The European Commission levied a $1.7 billion fine on Google for violating antitrust rules with regards to its AdSense business. EU antitrust commissioner Margrethe Vestager said the company abused its dominant position in online advertising by "imposing anti-competitive contractual restrictions" on AdSense customers. From the press release:
Today the Commission has fined Google €1.49 billion for illegal misuse of its dominant position in the market for the brokering of online search adverts. Google has cemented its dominance in online search adverts and shielded itself from competitive pressure by imposing anti-competitive contractual restrictions on third-party websites.
This is illegal under EU antitrust rules. The misconduct lasted over 10 years and denied other companies the possibility to compete on the merits and to innovate - and consumers the benefits of competition.
Back in 2006, Google prevented AdSense customers from showing search adverts from competitors on their search results pages. The tech giant changed stance in 2009 and allowed ads from rival search engines, but with the stipulation that its own adverts were more prominent.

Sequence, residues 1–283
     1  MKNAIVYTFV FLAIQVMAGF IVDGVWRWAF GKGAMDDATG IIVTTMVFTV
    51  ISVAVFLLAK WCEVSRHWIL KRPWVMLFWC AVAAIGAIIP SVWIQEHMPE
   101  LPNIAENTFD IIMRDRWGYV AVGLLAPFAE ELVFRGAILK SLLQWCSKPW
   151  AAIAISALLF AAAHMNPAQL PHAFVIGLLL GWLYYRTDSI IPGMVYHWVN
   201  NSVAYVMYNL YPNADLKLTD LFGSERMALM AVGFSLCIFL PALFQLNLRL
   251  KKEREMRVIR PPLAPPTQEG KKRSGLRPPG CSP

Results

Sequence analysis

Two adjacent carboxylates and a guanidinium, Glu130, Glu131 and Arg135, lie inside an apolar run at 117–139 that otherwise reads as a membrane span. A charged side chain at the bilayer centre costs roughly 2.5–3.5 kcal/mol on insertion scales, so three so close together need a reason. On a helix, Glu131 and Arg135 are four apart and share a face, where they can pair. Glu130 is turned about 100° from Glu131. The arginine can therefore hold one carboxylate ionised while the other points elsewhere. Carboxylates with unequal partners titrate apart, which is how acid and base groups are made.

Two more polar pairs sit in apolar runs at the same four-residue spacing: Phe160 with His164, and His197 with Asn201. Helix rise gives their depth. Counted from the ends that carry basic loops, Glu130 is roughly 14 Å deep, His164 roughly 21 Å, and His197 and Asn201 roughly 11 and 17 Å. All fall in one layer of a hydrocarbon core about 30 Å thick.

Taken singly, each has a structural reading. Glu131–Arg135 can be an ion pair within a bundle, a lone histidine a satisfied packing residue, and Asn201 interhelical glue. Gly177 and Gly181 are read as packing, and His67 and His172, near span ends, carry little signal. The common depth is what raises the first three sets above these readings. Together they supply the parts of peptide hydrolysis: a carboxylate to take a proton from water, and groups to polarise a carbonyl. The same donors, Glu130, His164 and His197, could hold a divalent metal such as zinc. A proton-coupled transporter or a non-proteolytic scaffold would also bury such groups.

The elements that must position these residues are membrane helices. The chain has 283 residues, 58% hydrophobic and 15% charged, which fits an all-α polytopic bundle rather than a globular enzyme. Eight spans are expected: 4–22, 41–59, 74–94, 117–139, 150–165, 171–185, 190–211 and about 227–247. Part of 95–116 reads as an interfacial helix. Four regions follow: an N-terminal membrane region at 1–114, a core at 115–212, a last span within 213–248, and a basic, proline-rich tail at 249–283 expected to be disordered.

This is the third fine the EU has levied on Google in the last two years. Back in 2017 the commission hit Google with a $2.7 billion fine for abusing its dominant position in search and favoring its own shopping results over that of its rivals.
Google was fined a record $5 billion last year for requiring OEMs to pre-load Google Search and Chrome on new Android devices. Google has appealed both charges, and earlier today the tech giant announced that it would be offering European users the ability to choose their preferred browser and search engine when configuring new Android devices.
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